Motorsport – Rounds 9 & 10 - 2004 British GT Championship
One Step Back, Several Steps Forward
It’s been a frustrating
start to the season for Eclipse Motorsport, the #60 TVR T400R seemingly
unable to find the pace which so nearly took the team to the 2003
British GT Championship.
Struggling for points
finishes clearly wasn’t pushing the buttons for the squad
and after a frustrating weekend at Snetterton one of the toughest
decisions a racing team ever makes was reached. To step back from
racing for the Castle Combe rounds and try to discover where the
lost pace had gone.
A full rebuild of the
car found evidence of damage that had lain undiscovered since the
2003 accident and still further problems that had resulted from
the accident the car had suffered at Mondello Park. Several small
issues had added up to one big one.
The rejuvenated T400R
tested in the lead-up to the Oulton Park race weekend, the team
planning a full day’s track activity. The difference in the
car was immediately obvious, both Piers Johnson and Steve Hyde insisting
that the car was put away for the day. “Don’t do a thing
to it,” said Piers Johnson. It was time to put the car to
the ultimate test – against its peers.
There was a spring in
the step of all the team members at Oulton Park, with the whole
paddock glad to see the return of one of the most popular teams
in the Championship.
count of the number of people who’ve come and said “Welcome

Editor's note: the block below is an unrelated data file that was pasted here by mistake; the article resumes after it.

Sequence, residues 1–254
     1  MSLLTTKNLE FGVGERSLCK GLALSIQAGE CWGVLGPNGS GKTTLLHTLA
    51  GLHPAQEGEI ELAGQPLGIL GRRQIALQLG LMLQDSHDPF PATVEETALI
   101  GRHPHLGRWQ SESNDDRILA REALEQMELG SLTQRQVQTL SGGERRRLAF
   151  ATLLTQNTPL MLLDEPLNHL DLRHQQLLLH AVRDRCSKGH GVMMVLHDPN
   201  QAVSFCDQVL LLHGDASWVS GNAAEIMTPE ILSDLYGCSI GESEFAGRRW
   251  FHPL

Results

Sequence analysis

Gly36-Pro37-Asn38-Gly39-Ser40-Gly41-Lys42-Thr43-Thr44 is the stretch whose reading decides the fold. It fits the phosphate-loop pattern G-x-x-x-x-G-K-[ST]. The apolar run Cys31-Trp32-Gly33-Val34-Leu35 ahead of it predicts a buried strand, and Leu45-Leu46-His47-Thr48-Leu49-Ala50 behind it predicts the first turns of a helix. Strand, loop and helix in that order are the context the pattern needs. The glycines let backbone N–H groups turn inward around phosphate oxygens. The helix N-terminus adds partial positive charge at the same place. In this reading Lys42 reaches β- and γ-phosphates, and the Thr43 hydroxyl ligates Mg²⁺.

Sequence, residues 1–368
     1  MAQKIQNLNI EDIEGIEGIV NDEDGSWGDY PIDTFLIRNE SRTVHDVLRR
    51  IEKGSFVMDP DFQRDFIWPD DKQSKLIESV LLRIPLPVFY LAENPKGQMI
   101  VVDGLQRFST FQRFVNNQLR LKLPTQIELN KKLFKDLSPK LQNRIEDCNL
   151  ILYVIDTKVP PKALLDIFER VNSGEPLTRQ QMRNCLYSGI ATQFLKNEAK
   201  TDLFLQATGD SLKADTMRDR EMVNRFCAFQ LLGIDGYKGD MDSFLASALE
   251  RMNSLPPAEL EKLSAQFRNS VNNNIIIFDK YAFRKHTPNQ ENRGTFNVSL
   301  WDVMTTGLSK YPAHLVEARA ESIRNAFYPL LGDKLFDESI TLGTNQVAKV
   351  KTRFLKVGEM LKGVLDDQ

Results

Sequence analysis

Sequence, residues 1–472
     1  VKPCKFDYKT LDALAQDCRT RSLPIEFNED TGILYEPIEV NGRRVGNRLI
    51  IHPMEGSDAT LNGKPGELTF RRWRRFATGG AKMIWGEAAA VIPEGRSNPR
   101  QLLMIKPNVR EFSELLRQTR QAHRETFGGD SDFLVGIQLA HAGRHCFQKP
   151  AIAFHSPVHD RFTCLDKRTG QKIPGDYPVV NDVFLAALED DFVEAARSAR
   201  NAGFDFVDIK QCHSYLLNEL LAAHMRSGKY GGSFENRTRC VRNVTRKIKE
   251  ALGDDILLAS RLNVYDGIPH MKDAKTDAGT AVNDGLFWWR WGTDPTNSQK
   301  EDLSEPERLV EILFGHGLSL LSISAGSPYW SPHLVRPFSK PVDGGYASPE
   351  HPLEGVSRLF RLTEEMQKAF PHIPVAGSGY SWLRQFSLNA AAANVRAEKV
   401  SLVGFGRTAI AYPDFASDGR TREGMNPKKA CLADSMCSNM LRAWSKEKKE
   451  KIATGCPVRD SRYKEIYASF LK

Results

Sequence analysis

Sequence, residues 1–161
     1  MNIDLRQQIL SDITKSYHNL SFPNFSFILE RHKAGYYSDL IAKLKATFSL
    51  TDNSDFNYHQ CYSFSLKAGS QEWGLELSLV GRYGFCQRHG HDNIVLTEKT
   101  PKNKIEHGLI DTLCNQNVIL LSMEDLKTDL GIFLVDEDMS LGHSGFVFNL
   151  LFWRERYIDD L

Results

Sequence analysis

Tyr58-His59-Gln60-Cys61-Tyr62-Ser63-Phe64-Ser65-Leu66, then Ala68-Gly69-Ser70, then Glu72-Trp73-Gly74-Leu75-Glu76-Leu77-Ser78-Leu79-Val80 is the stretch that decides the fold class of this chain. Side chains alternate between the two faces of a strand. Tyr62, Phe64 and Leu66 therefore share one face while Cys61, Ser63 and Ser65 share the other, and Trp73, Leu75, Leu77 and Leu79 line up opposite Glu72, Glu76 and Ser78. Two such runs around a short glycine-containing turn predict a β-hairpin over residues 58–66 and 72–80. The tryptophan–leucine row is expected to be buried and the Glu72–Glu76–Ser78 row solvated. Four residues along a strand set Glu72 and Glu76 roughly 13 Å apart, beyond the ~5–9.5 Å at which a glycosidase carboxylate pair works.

Back today,” said one of the crew.
Saturday qualifying gave
the team the first opportunity to shine. Unfortunately the weather
had other ideas and Steve Hyde, qualifying the car in the first
session, was finding traffic on every lap. Despite that he was getting
the car into the groove lap after lap - until a red flag interrupted
the session, with the TVR lying in tenth slot for the race later
in the day. “It was a lottery, the spray seems to hang in
the air here, there was so much traffic, but I managed to improve
my lap time by ten seconds during the session.”
Unable to improve substantially
in the restarted session it was a downbeat Hyde that handed the
car over to Piers Johnson for the second 15 minutes of qualifying
that would determine the grid for Sunday’s race. In a session
curtailed to just ten minutes, Piers set the fourth best time, just
fractions slower than the Jones brothers’ Porsche. Tenth and
fourth would turn out to be so much better than fourth and tenth….
One – Saturday
would prove to be packed with incident from start to finish, and
it would end with the strongest possible indication that the team’s
preparation had not been in vain.
Old Hall corner, turn
one at Oulton Park, is often the scene of an accident. If it was
on a public road there would doubtless be Gatso cameras and speed
humps galore there, but this is racing and speed is what counts.
Sadly though for the occupants of six cars their races would either
end or at least be seriously curtailed as a result of a multi car
shunt on the exit of the sharp right hander. Four cars were out
on the spot and both the main title contenders, the GruppeM Porsche
and Ferrari 360GTC, would lose a huge chunk of time in rejoining
the circuit and having their car’s wounds attended to.
Through it all came a
trio of cars battling for the race lead, and third in the close
knit chain was Steve Hyde in the Eclipse TVR.
He was worrying away
at the bootlid of the RSR Racing TVR of Jonathan Coleman, while
ahead Mike Jordan in the JWR Porsche tried desperately to shake
the pair off, knowing full well that an eight second pit penalty
(in line with the classification of both the cars drivers) would